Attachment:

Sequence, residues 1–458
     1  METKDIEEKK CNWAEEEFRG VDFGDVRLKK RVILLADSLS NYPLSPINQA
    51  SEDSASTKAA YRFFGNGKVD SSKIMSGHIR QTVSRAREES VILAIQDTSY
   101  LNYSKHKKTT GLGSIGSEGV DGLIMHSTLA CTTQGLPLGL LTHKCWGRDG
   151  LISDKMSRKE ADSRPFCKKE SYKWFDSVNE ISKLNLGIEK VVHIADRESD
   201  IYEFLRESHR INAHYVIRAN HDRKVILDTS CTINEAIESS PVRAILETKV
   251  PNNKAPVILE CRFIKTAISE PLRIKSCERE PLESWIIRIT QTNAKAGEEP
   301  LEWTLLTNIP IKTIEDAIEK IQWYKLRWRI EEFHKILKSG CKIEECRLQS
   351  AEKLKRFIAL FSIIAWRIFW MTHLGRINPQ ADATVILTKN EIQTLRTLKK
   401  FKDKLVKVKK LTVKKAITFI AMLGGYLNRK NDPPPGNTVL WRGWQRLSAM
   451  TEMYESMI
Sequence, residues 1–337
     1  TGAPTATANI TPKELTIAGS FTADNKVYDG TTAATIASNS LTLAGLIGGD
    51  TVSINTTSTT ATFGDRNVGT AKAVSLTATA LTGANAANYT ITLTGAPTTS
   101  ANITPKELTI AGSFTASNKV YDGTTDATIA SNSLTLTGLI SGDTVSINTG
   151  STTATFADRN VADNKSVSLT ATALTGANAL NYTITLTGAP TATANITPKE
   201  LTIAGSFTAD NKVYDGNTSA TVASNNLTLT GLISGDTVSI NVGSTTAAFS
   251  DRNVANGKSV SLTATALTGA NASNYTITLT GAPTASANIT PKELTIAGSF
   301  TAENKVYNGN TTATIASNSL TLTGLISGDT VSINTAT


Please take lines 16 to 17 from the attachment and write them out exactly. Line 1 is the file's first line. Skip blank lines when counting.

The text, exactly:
   151  STTATFADRN VADNKSVSLT ATALTGANAL NYTITLTGAP TATANITPKE
   201  LTIAGSFTAD NKVYDGNTSA TVASNNLTLT GLISGDTVSI NVGSTTAAFS